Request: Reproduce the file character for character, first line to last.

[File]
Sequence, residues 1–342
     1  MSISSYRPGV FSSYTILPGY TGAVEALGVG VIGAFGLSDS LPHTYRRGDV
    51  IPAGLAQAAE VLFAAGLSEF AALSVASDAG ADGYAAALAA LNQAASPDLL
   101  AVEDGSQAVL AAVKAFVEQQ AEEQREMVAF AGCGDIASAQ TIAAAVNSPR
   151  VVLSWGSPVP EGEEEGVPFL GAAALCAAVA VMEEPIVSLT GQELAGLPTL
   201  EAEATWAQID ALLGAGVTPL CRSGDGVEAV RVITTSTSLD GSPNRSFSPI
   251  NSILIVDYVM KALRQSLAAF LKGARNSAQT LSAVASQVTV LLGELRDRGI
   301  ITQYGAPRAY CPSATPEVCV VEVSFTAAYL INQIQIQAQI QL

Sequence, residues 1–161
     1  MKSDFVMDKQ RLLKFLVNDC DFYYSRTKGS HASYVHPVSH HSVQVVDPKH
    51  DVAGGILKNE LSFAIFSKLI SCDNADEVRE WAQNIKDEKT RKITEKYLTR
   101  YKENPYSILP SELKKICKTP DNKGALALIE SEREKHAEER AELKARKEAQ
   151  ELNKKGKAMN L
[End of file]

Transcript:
Sequence, residues 1–342
     1  MSISSYRPGV FSSYTILPGY TGAVEALGVG VIGAFGLSDS LPHTYRRGDV
    51  IPAGLAQAAE VLFAAGLSEF AALSVASDAG ADGYAAALAA LNQAASPDLL
   101  AVEDGSQAVL AAVKAFVEQQ AEEQREMVAF AGCGDIASAQ TIAAAVNSPR
   151  VVLSWGSPVP EGEEEGVPFL GAAALCAAVA VMEEPIVSLT GQELAGLPTL
   201  EAEATWAQID ALLGAGVTPL CRSGDGVEAV RVITTSTSLD GSPNRSFSPI
   251  NSILIVDYVM KALRQSLAAF LKGARNSAQT LSAVASQVTV LLGELRDRGI
   301  ITQYGAPRAY CPSATPEVCV VEVSFTAAYL INQIQIQAQI QL

Sequence, residues 1–161
     1  MKSDFVMDKQ RLLKFLVNDC DFYYSRTKGS HASYVHPVSH HSVQVVDPKH
    51  DVAGGILKNE LSFAIFSKLI SCDNADEVRE WAQNIKDEKT RKITEKYLTR
   101  YKENPYSILP SELKKICKTP DNKGALALIE SEREKHAEER AELKARKEAQ
   151  ELNKKGKAMN L